Author Topic: Winchester 1897 short chamber?  (Read 443 times)

Offline Dirty Dick

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Winchester 1897 short chamber?
« on: November 15, 2020, 06:21:38 PM »
I bought a nice old 1897 Winchester 1922 takedown model with 30" full choke for cowboy matches, is it possible the chamber might be a bit short for 2 3/4" pie crimp (modern) shells, as all shotshells of the era were roll crimp? It seems to have more recoil using the same ammo as my M12 Winchester.  ???
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Offline Professor Marvel

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Re: Winchester 1897 short chamber?
« Reply #1 on: November 15, 2020, 10:03:26 PM »
My Good D-D

Since your '97 is an old original dating to 1922 you ALMOST CERTAINLY have the shorter chamber or at the very least a shorter forcing cone unless someone else had it reemed.

snips from "from The High Road":
"The '97 chamber is 2 5/8". In order to shoot 2 3/4" shells with star crimps, you're going to have to have it rechambered. Even the guns marked 2 3/4" on the barrels were made for the old roll crimped shells, and are about 1/8" too short. The shells will fit and fire, but when the star crimp opens up, the plastic is protuding into the forcing cone, restricting it. This increases pressure dramatically and will crack the frame."

"When your shotgun was new, the only shotgun shells available were roll crimped. Now all that's available are star crimped. When the two crimps open upon firing, the mouth of the star crimp extends about 1/8" to 3/16" into the forcing cone farther than a roll crimp does."

hope this helps
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Offline Professor Marvel

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Re: Winchester 1897 short chamber?
« Reply #2 on: November 15, 2020, 10:18:34 PM »
Here is more from The High Road

https://www.thehighroad.org/index.php?threads/winchester-97-chamber-size.390434/
snip-------------------------------------------
    Some clarification is in order.
    The barrels from Winchester of classic era had plenty of barrels on 97's that had no chamber length markings, but measure the same as those barrels WITH 2-3/4" markings.
    For instance: every Model 37 12 ga. is a 2-3/4" marked barrel, but measures as a nominal 2-5/8" or 2.6"
    A pair of Model 12 16 ga. barrels marked 2-3/4" that measure at about 2.6"
    A pair of '97 barrels with patent marks of 1900 and 1901 measure the same as an "E" model, about 2.6"

    The only typical problem vs. paper/ plastic hulls is in the port configuration on M-12's, for instance, not wanting to clear a more stubborn star crimp end of a plastic hull.

    Was there going to be necessity to mark a barrel already proofed for the most modern length shell available at the time (2-3/4")? The 3" magnums didn't come out till much later, and that is when all new barrels would have been prudent to mark.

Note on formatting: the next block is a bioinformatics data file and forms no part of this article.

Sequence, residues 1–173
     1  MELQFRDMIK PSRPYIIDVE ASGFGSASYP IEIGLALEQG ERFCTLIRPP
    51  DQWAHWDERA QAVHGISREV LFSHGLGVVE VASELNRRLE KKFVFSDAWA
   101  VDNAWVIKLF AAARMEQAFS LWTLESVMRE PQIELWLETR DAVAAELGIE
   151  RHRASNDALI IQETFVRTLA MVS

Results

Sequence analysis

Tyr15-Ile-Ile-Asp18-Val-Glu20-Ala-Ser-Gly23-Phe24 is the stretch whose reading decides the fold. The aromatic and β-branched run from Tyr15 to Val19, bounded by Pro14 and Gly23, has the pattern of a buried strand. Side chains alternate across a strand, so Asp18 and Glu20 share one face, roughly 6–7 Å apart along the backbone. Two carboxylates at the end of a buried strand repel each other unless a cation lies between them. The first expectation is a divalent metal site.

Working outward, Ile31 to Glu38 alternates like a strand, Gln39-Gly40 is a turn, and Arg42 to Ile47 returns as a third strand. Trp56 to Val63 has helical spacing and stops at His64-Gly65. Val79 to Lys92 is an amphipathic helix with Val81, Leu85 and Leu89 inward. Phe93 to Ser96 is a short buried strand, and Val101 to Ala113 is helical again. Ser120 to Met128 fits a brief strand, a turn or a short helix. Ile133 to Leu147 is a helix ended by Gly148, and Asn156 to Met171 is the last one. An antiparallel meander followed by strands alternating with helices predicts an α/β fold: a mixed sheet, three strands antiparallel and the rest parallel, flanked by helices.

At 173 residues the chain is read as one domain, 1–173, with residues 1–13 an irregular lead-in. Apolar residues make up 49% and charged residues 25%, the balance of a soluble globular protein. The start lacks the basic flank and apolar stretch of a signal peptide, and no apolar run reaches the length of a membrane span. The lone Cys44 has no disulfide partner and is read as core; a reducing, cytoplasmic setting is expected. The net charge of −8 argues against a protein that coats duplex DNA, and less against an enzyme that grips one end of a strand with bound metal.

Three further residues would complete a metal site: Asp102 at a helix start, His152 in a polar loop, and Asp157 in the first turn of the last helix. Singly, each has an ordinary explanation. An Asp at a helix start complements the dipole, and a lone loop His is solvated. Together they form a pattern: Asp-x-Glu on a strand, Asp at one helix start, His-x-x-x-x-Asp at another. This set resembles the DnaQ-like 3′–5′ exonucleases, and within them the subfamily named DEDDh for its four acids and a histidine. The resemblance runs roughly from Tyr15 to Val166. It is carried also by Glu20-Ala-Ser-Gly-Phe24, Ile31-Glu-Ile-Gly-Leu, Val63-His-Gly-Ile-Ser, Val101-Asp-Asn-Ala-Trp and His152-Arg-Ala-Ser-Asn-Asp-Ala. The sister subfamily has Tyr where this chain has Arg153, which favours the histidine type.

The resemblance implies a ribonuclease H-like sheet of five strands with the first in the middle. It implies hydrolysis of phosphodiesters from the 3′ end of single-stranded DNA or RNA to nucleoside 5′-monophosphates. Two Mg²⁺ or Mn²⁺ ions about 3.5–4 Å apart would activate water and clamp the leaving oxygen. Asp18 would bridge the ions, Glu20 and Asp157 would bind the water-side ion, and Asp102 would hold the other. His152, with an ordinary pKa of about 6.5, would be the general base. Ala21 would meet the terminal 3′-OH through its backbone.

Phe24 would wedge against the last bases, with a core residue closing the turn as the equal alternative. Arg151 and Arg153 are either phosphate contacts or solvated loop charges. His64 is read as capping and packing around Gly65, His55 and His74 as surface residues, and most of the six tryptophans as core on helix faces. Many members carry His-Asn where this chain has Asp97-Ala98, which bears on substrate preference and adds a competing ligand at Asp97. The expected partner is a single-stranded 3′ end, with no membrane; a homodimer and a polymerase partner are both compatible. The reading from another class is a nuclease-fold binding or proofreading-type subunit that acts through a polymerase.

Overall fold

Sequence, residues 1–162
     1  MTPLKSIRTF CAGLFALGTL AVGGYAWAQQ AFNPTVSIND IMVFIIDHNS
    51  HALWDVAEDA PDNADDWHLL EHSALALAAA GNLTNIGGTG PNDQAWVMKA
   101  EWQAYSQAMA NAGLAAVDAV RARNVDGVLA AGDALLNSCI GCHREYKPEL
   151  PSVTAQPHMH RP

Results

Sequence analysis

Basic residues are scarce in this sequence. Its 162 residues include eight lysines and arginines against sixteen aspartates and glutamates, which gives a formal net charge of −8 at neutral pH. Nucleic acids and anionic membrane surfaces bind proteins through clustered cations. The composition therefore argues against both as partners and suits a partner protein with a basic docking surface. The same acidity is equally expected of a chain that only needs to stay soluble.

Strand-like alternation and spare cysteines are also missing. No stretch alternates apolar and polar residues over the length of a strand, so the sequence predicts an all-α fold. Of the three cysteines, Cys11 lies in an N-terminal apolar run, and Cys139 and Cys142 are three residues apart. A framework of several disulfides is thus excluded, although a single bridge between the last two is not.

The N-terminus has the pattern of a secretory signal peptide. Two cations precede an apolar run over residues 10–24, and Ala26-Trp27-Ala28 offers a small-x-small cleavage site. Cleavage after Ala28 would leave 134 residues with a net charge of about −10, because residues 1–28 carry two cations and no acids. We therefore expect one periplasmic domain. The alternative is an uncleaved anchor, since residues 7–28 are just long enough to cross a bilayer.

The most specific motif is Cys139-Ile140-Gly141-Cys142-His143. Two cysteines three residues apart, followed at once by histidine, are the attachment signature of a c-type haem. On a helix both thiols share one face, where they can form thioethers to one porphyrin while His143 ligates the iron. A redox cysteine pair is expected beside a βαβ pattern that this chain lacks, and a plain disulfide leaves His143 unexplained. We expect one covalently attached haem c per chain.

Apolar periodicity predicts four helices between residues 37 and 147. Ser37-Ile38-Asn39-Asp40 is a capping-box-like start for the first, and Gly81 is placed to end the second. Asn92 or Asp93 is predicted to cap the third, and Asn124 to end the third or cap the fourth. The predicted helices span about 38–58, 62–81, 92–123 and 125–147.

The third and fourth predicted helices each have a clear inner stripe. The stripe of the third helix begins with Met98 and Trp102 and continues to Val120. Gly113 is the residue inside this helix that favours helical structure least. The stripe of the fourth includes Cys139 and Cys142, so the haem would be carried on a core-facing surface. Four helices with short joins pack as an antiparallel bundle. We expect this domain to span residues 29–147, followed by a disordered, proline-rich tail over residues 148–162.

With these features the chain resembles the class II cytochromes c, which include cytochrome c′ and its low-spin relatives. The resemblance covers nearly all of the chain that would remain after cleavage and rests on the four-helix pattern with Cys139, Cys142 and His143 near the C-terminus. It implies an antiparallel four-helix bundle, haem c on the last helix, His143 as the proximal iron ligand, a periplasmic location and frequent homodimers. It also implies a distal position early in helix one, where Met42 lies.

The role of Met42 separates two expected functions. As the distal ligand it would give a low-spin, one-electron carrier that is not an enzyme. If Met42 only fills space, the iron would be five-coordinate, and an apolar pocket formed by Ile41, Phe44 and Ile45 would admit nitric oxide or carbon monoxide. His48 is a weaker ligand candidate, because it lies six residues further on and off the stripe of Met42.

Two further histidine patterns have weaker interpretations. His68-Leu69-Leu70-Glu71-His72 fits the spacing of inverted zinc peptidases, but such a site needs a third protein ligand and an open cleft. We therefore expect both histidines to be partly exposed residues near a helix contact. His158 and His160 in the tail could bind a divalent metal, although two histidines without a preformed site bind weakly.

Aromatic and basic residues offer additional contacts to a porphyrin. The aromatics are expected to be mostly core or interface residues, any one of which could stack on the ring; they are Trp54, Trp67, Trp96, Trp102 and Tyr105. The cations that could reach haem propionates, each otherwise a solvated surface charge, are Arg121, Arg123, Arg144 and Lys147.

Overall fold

Realize that every one of those barrels would have been proofed by Winchester and claimed by them to be safe at the time of manufacture. If they are marked 2-3/4, they should be considered safe. If they measure the same as one marked 2-3/4, they should be considered safe, regardless of lack of marking.
    See that proof mark on the barrel? Every factory marked Winchester barrel will have one. That barrel and the gun are safe. A mechanical check of the safety and locking parts of the mechanism are more important than chamber length precision.

    Those chamber lengths, regardless of whether marked or unmarked, being within 1/8" of a full 2-3/4", have no significant pressure change compared to any other chamber that is at 2-3/4", and are not in any way a danger to the frame or shooter. Period.

    I don't discourage lengthening forcing cones for better patterns, if done the way that I do them, but chamber lengthening is not something I would push by fear-mongering.

    Any tale of a short chamber causing extreme pressure is something I had once believed myself, but no longer.
    Any '97 frame cracking is NOT caused by a measly 1/8" of chamber. NO way, no how.

    I don't see how anybody could make that claim (honestly) if they had no idea of the history of the gun- once owned by an amateur reloader, for instance.

    Reloading with wrong powder/charge MAY do something to the safety factor, but even the more fear-mongered example of shooting 3" shells in a 2-3/4" chambered barrel does not make the 3" shell have any significant boost of pressure with a bit of the crimp laying in the forcing cone.
    The 2-3/4 barrel may not have been proofed for 3" load pressure which is slightly higher than 2-3/4 proof, so don't say that I am saying 2-3/4 barrels are OK for 3" shells. I am saying the individual shell does not get a lot higher pressure from a different chamber length.

    EVERY manufacturer and SAAMI will tell you that you are to shoot how the barrel is marked and no longer than that.
    You should not expect them to tell you that shooting a longer shell is not a huge safety issue. Problems may arise when shooting a long 3" shell in an old loose and wobbly single shot, but that was foolhardy to use even with target loads.